National | Dr Rawiri Taonui

Red Light, fourth booster shot and second wave Omicron risks for Māori | Dr Rawiri Taonui

The government made the right decision on Monday to keep New Zealand at the Red Traffic Light setting.

Over the past month new daily cases have dropped by about 36% from an average of 20,000 to about 13,000, and active daily cases have declined from 208,000 to about 90,000. However, much of that decrease has occurred in the Auckland metropolitan area.

While other district health boards have also reached peaks, many have come over the past week. For example, the West Coast recorded a new 127 case peak yesterday. Hospitalisations and fatalities, which lag new cases, remain high. The country needs more time to ensure all DHBs have peaked.

Daily numbers also remain volatile with a weekly cycle of lower reporting over the weekends and on Mondays and higher mid-week reporting from Tuesday onwards.

Māori cases

In relative terms, Māori have done well during Omicron. Māori are 20.2% of all cases 19.6% of active cases, 24.5%  of hospitalisations and 14.4%% of deaths since February 1.

The graphic above is a snapshot of cases from Monday, April 4, showing increases and decreases in the total number of active cases and the number and percentage of Māori cases in each DHB compared with Monday, March 28. Consistent with the national trend, Māori active cases percentages are declining In most DHBs.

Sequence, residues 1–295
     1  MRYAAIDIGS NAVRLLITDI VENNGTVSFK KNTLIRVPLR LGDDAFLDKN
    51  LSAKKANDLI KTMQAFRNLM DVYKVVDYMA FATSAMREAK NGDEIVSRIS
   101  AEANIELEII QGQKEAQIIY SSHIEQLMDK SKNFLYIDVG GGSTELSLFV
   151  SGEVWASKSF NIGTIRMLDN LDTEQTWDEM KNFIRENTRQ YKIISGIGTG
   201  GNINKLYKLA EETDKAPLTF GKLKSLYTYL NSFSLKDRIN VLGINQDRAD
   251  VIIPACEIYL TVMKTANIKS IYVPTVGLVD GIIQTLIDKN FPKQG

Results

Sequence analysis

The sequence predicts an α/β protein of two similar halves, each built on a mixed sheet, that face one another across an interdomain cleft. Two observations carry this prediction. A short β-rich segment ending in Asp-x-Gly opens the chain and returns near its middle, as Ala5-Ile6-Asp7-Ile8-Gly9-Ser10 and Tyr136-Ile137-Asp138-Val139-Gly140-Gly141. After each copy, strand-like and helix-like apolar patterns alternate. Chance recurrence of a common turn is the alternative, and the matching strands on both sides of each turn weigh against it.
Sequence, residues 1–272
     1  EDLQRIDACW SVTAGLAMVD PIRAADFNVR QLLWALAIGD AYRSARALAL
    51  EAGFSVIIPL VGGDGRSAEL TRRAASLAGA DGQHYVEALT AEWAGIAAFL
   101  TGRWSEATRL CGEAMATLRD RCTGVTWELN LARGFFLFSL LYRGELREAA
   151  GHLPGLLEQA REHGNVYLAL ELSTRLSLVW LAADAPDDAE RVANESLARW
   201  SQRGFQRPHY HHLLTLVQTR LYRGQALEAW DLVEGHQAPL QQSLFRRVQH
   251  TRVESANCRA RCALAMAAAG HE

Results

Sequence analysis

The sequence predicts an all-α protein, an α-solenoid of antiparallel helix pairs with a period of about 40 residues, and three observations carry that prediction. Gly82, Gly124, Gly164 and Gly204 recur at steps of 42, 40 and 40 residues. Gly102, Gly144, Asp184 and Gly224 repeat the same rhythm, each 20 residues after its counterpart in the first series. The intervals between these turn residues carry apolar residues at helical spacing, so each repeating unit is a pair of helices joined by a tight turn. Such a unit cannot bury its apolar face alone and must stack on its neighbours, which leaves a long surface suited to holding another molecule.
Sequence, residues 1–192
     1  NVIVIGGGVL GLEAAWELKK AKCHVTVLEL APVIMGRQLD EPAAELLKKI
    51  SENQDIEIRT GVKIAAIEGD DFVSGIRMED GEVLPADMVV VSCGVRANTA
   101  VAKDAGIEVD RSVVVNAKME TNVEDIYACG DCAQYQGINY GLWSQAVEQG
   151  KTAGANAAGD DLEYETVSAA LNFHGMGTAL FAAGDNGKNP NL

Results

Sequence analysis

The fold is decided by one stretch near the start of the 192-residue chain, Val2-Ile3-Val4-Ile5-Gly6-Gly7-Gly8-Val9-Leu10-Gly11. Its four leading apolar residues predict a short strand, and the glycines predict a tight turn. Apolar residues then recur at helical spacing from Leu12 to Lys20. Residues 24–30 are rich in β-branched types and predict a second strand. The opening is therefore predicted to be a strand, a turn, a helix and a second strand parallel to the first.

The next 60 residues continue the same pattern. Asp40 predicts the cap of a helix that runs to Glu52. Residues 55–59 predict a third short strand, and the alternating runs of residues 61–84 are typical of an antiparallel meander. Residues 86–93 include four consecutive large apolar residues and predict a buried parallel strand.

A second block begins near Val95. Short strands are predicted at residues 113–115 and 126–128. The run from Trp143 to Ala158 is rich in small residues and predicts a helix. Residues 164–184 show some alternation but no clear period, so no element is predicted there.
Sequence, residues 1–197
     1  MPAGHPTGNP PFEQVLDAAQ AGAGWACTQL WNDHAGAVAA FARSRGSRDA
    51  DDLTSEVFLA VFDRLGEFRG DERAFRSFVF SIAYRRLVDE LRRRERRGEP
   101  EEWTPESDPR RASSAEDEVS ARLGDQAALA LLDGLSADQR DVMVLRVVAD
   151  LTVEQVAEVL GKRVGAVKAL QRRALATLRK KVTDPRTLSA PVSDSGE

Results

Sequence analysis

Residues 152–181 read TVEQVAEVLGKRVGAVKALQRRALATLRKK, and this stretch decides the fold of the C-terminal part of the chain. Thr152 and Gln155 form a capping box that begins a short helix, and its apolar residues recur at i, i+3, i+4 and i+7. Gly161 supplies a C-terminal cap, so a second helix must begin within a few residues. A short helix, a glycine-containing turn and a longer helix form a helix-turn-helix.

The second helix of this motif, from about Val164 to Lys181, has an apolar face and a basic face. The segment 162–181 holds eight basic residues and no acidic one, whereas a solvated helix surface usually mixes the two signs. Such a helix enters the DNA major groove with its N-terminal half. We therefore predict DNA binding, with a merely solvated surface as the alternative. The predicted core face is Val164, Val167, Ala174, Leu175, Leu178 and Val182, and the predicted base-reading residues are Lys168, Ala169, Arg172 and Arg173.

Beneath this there are emerging risks:

  • Māori have been the second-highest number of new cases for the last 31 days.
  • Māori have the highest number of new daily cases per 100,000 people.
  • Māori also have the highest number of active cases per 100,000 people.
  • Māori have the second-highest hospitalisations per100k of demographic after Pacific peoples.
  • Māori have the second-highest fatalities per100k of demographic after Pacific peoples.
  • While Māori are 14.4% or 54 of the 375 deaths during the Omicron OutBreak since 1 February, Māori are 50% of all deaths under 60 years across the three pre-Delta, Delta, and Omicron phases of the Covid-19 pandemic.
  • Māori contribute the highest numbers of unvaccinated 12yrs+ (34%) and under-12yrs hospitalisations (37.7%).

Despite the overall prevalence of Pākehā cases, Māori are 1.7 times more likely to become infected, 3.4 times more likely to be hospitalised and 1.4 times more likely to die.

  • The rate of Māori vaccinations is also slowing.
  • Over the last four days, there have been an average of 22 new Māori first or second dose and 42 tamariki vaccinations across the country.
  • On many days there are no new Māori vaccinations in some DHBs.
  • Yesterday, health director-general Dr Ashley Bloomfield said there were several DHBs with over 90% Māori vaccinations. The Ministry of Health figures are based on an undercount of the Māori population (45,000 for 12yrs+; 5,000 for under-12yrs). There are only two DHBs with vaccination rates over 90%.

The gap between Māori double, booster and tamariki vaccinations with national totals is closing but very slowly.

  • Māori (84.5%) are 8.6% behind the national total (93.1%) for all 12yrs+ vaccinations.
  • Māori (58.5%) are 18.8% behind the national total (77.3%) for 18yrs+ boosters.
  • Māori (33.2%) are 30% behind the national total for 5-11yrs first vaccinations.
  • The lowest rates for Māori boosters shots lie in the cohorts aged 35-49yrs (41.4%) and 18-34yrs (25.5%).